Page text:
WASHINGTON/NEW YORK (Reuters) -The U.S. government on Thursday unveiled charges against former Honduran President Juan Orlando Hernandez of participating in a cocaine-importation conspiracy and related firearms offenses, and he was extradited to the United States.
The indictment unsealed by the U.S. Justice Department marked a stunning fall from grace for the former Washington ally who led the Central American nation from 2014 to January 2022.
Federal prosecutors in Manhattan said Hernandez received millions of dollars from drug trafficking organizations, including from the former leader of Mexico’s Sinaloa cartel, Joaquin “El Chapo” Guzman, and used those funds to enrich himself and finance his political campaigns.
In exchange, Hernandez and other Honduran officials provided drug traffickers with protection from investigation and arrest, gave them access to law enforcement and military information and prevented their extradition to the United States, according to an indictment.
“Hernandez abused his position as president of Honduras from 2014 through 2022 to operate the country as a narco-state,” U.S. Attorney General Merrick Garland told reporters in Washington. “Hernandez worked closely with other public officials to protect cocaine shipments bound for the United States.”
Hernandez was a key ally to the United States during the Obama and Trump administrations on immigration and anti-narcotics operations. But U.S. prosecutors revealed in court filings last year that Hernandez, 53, was under investigation as part of a sprawling probe into Honduras’ bloody narcotics trade.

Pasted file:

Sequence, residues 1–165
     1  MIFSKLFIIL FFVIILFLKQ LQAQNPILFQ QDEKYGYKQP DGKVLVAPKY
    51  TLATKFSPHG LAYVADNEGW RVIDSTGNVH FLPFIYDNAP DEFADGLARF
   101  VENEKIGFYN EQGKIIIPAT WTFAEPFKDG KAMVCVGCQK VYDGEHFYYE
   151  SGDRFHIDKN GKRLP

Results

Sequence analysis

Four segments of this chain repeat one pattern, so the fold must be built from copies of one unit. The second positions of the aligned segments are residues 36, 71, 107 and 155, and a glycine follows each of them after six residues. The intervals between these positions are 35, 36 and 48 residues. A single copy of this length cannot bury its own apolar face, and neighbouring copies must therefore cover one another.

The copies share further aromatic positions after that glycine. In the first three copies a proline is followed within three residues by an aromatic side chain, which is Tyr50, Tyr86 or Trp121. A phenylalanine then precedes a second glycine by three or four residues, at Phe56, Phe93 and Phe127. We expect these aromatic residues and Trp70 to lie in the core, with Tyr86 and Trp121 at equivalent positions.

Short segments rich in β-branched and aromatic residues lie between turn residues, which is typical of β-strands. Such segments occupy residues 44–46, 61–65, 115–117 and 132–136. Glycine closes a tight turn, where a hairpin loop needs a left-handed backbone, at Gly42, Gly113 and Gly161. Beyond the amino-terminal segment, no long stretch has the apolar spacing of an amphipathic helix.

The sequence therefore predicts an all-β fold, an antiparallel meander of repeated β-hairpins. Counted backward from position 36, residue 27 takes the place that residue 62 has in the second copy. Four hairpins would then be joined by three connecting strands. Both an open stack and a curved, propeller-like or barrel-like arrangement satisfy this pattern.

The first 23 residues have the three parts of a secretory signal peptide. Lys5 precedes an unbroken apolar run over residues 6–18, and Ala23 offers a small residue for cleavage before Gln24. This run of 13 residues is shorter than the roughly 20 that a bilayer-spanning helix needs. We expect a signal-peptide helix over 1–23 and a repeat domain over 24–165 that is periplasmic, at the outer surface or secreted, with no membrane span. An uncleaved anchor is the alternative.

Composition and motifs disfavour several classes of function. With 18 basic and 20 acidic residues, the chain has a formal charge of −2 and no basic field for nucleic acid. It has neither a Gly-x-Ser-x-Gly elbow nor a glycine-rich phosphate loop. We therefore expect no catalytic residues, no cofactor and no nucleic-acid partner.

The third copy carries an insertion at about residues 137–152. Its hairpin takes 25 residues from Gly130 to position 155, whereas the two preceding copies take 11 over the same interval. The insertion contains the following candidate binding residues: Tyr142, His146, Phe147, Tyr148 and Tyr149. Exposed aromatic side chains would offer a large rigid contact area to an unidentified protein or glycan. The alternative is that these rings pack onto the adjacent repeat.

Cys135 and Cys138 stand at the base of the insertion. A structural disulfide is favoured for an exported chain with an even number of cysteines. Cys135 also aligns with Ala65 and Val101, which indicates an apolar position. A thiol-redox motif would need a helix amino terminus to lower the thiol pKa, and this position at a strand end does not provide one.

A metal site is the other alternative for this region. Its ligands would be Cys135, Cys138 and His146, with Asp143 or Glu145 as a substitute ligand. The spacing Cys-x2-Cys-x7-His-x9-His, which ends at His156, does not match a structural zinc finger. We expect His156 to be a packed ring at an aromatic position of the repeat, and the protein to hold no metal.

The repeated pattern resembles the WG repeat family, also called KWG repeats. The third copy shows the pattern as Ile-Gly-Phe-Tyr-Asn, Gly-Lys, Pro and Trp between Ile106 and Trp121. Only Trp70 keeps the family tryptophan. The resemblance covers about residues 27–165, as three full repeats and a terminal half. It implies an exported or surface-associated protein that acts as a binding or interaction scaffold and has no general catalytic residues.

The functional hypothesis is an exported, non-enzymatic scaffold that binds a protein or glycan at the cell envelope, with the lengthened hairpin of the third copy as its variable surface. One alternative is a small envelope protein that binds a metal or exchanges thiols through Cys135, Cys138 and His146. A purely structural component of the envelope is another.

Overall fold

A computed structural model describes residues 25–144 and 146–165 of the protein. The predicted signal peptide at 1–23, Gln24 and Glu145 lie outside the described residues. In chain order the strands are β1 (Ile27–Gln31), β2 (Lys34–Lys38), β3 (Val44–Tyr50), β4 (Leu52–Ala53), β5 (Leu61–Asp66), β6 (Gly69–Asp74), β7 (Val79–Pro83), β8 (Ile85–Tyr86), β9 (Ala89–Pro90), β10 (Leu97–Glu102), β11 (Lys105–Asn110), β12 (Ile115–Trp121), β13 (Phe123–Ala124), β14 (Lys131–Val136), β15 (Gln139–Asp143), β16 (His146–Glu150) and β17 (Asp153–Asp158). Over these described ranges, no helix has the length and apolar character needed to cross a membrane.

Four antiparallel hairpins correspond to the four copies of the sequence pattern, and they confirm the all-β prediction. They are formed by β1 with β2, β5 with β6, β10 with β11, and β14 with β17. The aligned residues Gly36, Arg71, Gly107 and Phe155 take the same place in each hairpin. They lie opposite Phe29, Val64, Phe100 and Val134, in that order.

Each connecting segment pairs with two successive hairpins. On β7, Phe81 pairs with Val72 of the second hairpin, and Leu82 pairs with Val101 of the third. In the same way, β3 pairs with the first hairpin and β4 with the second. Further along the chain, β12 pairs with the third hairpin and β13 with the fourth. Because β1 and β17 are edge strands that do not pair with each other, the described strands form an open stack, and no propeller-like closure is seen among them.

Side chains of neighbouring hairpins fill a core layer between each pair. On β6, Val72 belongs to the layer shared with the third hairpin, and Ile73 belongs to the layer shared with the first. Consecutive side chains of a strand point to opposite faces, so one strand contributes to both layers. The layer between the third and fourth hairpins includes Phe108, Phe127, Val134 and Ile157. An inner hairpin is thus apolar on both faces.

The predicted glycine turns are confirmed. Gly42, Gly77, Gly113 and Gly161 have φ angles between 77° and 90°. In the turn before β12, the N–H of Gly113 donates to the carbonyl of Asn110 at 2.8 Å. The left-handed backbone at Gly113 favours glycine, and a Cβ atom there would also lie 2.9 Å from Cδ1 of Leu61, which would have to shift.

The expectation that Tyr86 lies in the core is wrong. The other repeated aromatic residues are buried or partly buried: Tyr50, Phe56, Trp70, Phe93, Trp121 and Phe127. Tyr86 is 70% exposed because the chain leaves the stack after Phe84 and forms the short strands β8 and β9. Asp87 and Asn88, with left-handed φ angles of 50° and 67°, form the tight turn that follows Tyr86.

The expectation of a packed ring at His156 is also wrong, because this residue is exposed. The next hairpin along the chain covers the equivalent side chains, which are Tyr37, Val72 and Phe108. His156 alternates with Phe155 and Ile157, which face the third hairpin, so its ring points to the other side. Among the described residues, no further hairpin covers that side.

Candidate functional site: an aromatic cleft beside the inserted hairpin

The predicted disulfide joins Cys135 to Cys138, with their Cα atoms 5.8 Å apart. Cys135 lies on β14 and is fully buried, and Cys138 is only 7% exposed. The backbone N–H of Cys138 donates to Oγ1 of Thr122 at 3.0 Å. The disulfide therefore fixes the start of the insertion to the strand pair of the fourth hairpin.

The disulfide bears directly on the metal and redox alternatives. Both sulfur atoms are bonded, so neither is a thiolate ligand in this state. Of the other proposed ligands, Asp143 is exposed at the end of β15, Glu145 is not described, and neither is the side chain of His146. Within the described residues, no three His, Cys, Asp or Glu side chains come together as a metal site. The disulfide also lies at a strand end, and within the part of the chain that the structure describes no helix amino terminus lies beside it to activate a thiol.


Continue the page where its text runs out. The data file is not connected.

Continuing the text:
President Joe Biden has focused on tackling corruption in Central America since taking office in January 2021, with an eye toward stemming the tide of migrants from the region to the United States.
Hernandez’s younger brother, Tony Hernandez, a former Honduran congressman, was sentenced to life in prison in the United States in March 2021 after an earlier conviction on drug trafficking charges.
The former president had strongly denied the allegations, arguing that captured traffickers smeared him to exact revenge against his government and to reduce their sentences. But he has pledged to cooperate with authorities and has portrayed himself as a fierce opponent of drug trafficking.
‘HONDURAS WANTS OUR HELP’
In the Honduran capital Tegucigalpa, the handcuffed ex-president was escorted to the airport by a phalanx of security forces. Around the airport, dozens of people gathered waving the country’s blue and white flag to celebrate Hernandez’s extradition.
Hernandez departed aboard a U.S. Drug Enforcement Administration (DEA) plane on Thursday afternoon and was expected to make an initial appearance in Manhattan federal court in the coming days.
“If you turn the power of the state into a violent drug trafficking machine, if you allow violence and murder to flourish at the hands of the cartels, then the DEA will stop at nothing to hold you accountable,” DEA Administrator Anne Milgram told reporters.
The indictment was filed on Jan. 27 – the day Hernandez was replaced by leftist Xiomara Castro following her November victory over Nasry Asfura, the candidate from Hernandez’s right-leaning National Party – but kept sealed until Thursday.
The U.S. Department of Justice generally refrains from indicting sitting heads of state.
“The new administration of Honduras wants our help,” Garland said. “There’s no conflict between our doing this kind of work and having good relationships in Latin America.”
Honduran police detained Hernandez in mid-February following a U.S. extradition request, according to a U.S. Embassy document seen by Reuters at the time.
The Honduran Supreme Court in March authorized Hernandez’ extradition.
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